Many of you have had the pleasure of meeting or hearing from Patricia. While she joined ITP Australia in early 2022, her ITP Journey started many years earlier. Read her story here.
In the Beginning
I have been living with chronic Immune Thrombocytopenia (ITP) for 42 years. A rare autoimmune condition that can be as difficult to pronounce as it can be to live with. During this time I have been in and out of remission and have had to learn to adapt to the roller coaster ride of living with ITP. This has resulted in a strong will to not be defined by my condition but to learn to live with it, with a strong focus on quality of life. It has resulted in qualities of resilience and determination and an ability to learn to roll with the ups and downs of the challenges that come with living with a rare disease.
I am driven to continually learn more about ITP, and forty-two years on there is still more to learn. I refer to ITP websites such as ITP Australia, the Platelet Disorder Support Association, the UK ITP Support Association to name a few to keep up to date with the latest ITP research, treatments and developments in the world of ITP. I subscribe to a variety of global ITP organisations, listen to webinars, attend ITP conferences and ask questions of my ITP Specialist. I have also learnt a great deal through the personal stories shared by fellow ITP patients.
I continue to use a variety of means to raise awareness for ITP including, posting information on my social media platforms, wearing my ITP Australia Awareness Pin, fundraising for ITP Australia and taking part in annual ITP Awareness Week activities during the month of September.
I was diagnosed with ITP at The Royal Children’s Hospital in Melbourne in 1979. I presented at the Emergency Department with gastroenteritis symptoms but was also covered in large multiple bruises at the time, so a full blood count was ordered. The results showed that I had an extremely low platelet count of 6, and there began my ITP journey. However, I had been presenting with large bruising for a few years before receiving an ITP diagnosis. My GP had not followed up on any possible causes for my bruising and bleeding and put the bruising down to me being a clumsy child. This experience highlighted the importance of receiving a second opinion.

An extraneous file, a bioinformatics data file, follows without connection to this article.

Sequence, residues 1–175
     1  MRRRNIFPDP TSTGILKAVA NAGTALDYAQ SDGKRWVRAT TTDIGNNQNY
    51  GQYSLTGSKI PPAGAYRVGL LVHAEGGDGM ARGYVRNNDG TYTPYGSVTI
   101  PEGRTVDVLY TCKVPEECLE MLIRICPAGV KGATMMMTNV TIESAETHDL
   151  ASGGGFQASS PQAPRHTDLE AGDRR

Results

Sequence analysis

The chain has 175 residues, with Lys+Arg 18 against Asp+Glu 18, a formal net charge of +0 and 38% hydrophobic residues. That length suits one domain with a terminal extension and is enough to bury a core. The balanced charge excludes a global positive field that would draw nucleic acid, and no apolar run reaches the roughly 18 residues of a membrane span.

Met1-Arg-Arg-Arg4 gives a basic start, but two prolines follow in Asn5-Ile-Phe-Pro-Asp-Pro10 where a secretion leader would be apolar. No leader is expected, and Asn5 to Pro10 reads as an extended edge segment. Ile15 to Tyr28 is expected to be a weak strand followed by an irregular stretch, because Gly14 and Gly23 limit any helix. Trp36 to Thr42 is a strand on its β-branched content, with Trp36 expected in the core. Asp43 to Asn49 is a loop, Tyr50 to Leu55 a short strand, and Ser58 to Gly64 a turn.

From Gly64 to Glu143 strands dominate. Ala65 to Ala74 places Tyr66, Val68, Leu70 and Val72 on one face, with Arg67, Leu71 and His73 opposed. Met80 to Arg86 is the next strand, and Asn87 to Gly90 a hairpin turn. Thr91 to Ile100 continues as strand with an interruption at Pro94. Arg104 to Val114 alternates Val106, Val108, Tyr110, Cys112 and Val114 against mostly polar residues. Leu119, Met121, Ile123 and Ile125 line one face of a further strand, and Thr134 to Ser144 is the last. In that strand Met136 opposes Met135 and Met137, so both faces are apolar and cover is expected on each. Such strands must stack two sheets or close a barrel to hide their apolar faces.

From Steroids to Splenectomy
From 1979, steroids were the first line of treatment. As a 12-year-old it was quite daunting experiencing many of the common side effects associated with steroid treatment. Going through adolescence was challenging enough let alone throwing in many of the unwanted side effects of Prednisone. I had my spleen out in 1979, which required major surgery back then, with a week spent in hospital, followed by a month off school. The splenectomy put me into remission until my early twenties. From then on I had intermittent relapses of ITP triggered by infections. Throughout this period steroids remained an effective treatment to keep my platelet counts above 60.
Coming out of remission in my early twenties came as a shock as the splenectomy had been successful in keeping my platelet counts in normal ranges for many years. I reached out for further support under the care of my new GP, who thankfully had experience in treating ITP patients to help and support me with this transition. Back then there was no ITP for Aussies Facebook support group, or an ITP Australia organisation to reach out to for up-to-date information and support. I felt quite isolated. Fortunately, myself and fellow ITP patients within Australia now have access to both these valuable resources.
Pregnancy and Childbirth
Considering options to start a family came fraught with uncertainty as to the impact of my ITP on a potential pregnancy. I consulted with my GP and haematologist as to the possible complications and decided to proceed with a specific plan. During my pregnancy in 1999 I required treatment with steroids and a course of IVIG as my counts sat around 20. I experienced severe headaches after IVIG. I decided to take very early maternity leave due to my low platelet counts, and a desire to not be in a school environment that would make me more susceptible to contracting viruses etc. My son was born by C-section due to my low platelet counts. He had thrombocytopenia for several days after his birth, which was very distressing as he had to have his platelet count checked daily, and my platelet counts were still low at the time. Thankfully his thrombocytopenia resolved itself after several days.
Meeting fellow ITP Patients
Another life-changing moment in my journey was attending the PDSA ITP Regional Meeting in Melbourne in 2018. This was the first time I had met other ITP patients, their caregivers and family. This allowed me to forge connections and friendships with the ITP community which have continued to support me till today. The meeting provided an opportunity for me to grow in my understanding of ITP and to connect and share stories with other ITP patients who understand what it means to live with this rare disease.
Refractory to Steroids